7. #7
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    Quote Originally Posted by Dan Friedrichs View Post
    Patrick, not sure if you're aware of this, but the ETS EC 125 and 150 appear to be identical except for the price and the default size pad that ships with it. You can take an EC125 and put the 150 pad on it and it works perfectly (but it DOESN'T work the other way around - you CAN'T put the 125 pad on a 150 sander). I recently went through the "do I want the 5mm or 3mm?" decision, myself, but ended up getting the 3mm simply because that's the size the EC125 is sold in.
    Yes, good point, i can get the 125/3, buy the 150 pad, and save like $50 overall. They dont sell a 125/5, which is a little strange. I have a variety of hard and soft pads for the ETS 150 that will work with the ETS EC, but never a bad thing to have more pads or save a little money by going with the 125.

  8. #8
    I have no Festool sanders so far but I do almost all my sanding with my Bosch 1250 DEVS. It has a 5mm stoke, I believe, and also what Festool calls their Rotex mode. I sand to 220 grit and do not see scratches in finished projects. My goal in sanding is to do it as quickly as possible and that dictates 5mm stroke, not 3mm. On the other hand, if you like to sand and want more time doing it, 3mm would be best. Maybe somebody can see a difference in the results but I cannot.

    I'd like to have a sander with the motor over top of the pad (instead of the right angle grinder shape of my Bosch) and might have to buy a Festool to get the 5mm stroke I want. The non symetrical mass of my Bosch makes it sand more heavily on the side of the pad where the motor is. I often use it one handed which contributes to the effect if I am not careful.

  9. #9
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    Jim, I think you're understanding why I often say that Rotex (and by extension, your Bosch dual mode sander) are "two handed" tools. They excel at heavy work when you can get a good grip, but are not balanced well for general sanding, especially when one hand needs to be on the material and one hand needs to be totally controlling the tool.
    --

    The most expensive tool is the one you buy "cheaply" and often...

  10. #10
    Quote Originally Posted by Jim Becker View Post
    While I'm using the older version, mine is a 150/3 as I also have the Rotex 150 which in ROS mode is the 5mm orbit. I've never regretted having the 105/3 as my primary tool (98% of my sanding) and if I were replacing it with the current like you are, I'd likely stick with the 3mm orbit.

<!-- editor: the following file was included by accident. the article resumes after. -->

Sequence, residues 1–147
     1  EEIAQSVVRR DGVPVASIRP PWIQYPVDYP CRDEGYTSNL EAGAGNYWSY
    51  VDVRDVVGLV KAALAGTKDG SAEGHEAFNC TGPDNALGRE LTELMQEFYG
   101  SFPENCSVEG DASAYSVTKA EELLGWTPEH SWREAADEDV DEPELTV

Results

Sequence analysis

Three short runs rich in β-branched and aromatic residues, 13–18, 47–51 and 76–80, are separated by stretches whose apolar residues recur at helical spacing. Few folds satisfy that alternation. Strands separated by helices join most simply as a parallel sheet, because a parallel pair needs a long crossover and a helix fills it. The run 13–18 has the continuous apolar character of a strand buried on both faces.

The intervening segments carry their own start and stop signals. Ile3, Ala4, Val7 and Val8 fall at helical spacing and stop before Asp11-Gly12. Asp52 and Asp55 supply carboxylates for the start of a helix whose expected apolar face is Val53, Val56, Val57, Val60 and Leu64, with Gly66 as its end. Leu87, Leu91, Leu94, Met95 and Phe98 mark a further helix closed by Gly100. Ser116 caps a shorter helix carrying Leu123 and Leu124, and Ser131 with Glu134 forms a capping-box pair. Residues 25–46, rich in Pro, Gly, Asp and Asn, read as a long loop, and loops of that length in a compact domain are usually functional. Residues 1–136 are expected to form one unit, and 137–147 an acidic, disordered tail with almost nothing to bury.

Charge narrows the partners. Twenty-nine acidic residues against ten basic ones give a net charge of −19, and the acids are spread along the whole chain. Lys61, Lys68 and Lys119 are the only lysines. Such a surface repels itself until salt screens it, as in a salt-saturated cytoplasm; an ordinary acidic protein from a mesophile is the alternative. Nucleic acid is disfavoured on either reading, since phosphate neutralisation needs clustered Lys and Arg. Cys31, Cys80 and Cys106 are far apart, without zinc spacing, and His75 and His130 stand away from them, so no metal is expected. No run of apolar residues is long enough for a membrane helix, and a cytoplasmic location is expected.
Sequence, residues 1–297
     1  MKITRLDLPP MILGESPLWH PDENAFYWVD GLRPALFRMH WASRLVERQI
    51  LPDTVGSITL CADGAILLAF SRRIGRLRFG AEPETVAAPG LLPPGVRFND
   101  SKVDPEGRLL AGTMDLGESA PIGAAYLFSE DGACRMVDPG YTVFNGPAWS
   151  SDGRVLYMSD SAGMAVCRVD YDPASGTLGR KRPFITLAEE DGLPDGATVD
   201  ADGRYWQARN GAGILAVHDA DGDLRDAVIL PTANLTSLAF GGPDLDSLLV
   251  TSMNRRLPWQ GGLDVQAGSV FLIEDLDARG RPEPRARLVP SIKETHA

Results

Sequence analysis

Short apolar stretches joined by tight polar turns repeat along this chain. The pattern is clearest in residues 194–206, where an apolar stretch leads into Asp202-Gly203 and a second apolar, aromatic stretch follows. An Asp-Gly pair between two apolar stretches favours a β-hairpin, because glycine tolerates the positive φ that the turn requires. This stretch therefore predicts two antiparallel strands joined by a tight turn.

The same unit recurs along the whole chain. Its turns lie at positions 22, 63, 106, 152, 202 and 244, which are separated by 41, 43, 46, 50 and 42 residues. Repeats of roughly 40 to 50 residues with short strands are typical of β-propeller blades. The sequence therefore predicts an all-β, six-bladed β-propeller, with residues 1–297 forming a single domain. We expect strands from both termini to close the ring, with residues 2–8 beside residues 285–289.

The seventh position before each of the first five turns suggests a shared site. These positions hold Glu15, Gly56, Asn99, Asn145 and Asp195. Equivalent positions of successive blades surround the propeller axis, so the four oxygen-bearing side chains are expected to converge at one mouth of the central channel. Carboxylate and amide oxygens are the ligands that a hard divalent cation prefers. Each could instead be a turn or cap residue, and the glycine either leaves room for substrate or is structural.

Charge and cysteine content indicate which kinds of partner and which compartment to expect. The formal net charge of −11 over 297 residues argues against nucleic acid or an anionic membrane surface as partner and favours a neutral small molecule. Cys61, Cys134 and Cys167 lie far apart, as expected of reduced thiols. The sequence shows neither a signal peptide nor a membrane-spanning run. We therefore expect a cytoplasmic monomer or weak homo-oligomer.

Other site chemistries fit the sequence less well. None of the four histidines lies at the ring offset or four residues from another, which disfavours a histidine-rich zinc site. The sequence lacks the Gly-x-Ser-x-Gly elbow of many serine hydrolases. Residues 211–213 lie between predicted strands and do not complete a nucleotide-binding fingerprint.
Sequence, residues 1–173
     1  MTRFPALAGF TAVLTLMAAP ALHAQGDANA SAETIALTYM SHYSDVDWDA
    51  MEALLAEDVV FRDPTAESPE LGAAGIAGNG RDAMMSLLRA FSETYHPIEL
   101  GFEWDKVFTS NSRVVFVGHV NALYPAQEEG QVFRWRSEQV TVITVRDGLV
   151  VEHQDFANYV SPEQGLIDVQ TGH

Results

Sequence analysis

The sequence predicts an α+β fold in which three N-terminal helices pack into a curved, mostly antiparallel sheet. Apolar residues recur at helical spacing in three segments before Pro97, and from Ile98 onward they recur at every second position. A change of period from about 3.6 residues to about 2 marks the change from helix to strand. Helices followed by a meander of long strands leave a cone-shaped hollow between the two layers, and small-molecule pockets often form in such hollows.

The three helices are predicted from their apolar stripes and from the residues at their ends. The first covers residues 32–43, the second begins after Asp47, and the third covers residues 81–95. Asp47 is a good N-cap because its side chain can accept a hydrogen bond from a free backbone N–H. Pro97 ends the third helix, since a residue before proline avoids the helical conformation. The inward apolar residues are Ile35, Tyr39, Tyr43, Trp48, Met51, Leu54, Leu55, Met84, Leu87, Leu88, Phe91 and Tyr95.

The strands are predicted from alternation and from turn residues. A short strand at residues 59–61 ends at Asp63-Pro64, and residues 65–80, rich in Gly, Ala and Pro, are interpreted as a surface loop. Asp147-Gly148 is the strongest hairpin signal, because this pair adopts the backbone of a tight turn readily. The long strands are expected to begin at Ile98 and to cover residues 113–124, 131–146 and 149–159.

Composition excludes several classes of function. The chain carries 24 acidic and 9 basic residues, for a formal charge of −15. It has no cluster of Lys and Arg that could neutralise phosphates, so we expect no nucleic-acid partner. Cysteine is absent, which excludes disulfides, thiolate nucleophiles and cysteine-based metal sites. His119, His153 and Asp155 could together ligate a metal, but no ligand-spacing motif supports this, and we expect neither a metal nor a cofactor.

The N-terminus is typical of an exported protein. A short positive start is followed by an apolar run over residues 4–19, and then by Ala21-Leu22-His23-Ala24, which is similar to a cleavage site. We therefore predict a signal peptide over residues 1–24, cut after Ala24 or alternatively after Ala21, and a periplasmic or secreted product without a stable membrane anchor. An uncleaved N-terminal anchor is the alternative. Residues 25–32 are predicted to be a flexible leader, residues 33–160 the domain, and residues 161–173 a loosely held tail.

i'm with jim on this. i have an older 150/3, a newer 150/5 ETS, and a 6" mirka deros with the smaller stroke. i use the 5mm ETC only for the heavier grits (which is rare), and the finer orbitals for everything else, bumping up in grits. i'd stick with the 150/3.

    -- dz

  11. #11
    I own the Rotex 150 and the ETS ec 150/5. From what I have been told from a festool trainer at one time a few years back was they recommended the 3 stroke if you were already sanding with the rotex series because they had a 5 stroke. However, my store was out of the ets ec 150/3, so I went ahead and got the 5 stroke. I have absolutely zero regrets and have sanded quite a few projects so far and just love the combination. I use the rotex from 60-100g and then from there the ets ec. Love both sanders.
    "If opportunity doesn't knock, build a door!"

  12. #12
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    150/5. It works well on everything from 60g to 320g. I bought a pro5 for finish sanding and never use it because the ec150/5 works better everywhere.

  13. #13
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    I am as confused as I was when i started, ha! Thankfully, i dont think there is a bad choice. I think im going to go see if i can use both with 220-320 grit and see if i can discern a difference.


    While i have the rotex 150, it is an animal to use--as others have mentioned. Therefore, unless i really need to level a surface, i dont break out the rotex. Its partially why i started out leaning towards another 150/5.

  14. #14
    I use both. The 3mm definitely provides more refined finish at any given grit. It definitely is slower. We reserve them for the final grit and sanding in between coats of finish. If I could only have one it would be the 3mm. Sure it's slower, but the 5mm is less capable, finish wise.

  15. #15
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    Quote Originally Posted by johnny means View Post
    If I could only have one it would be the 3mm. Sure it's slower, but the 5mm is less capable, finish wise.
    My feeling is the same as Johnny here...the end result being more important than the speed to get there when only one tool is available.
    --

    The most expensive tool is the one you buy "cheaply" and often...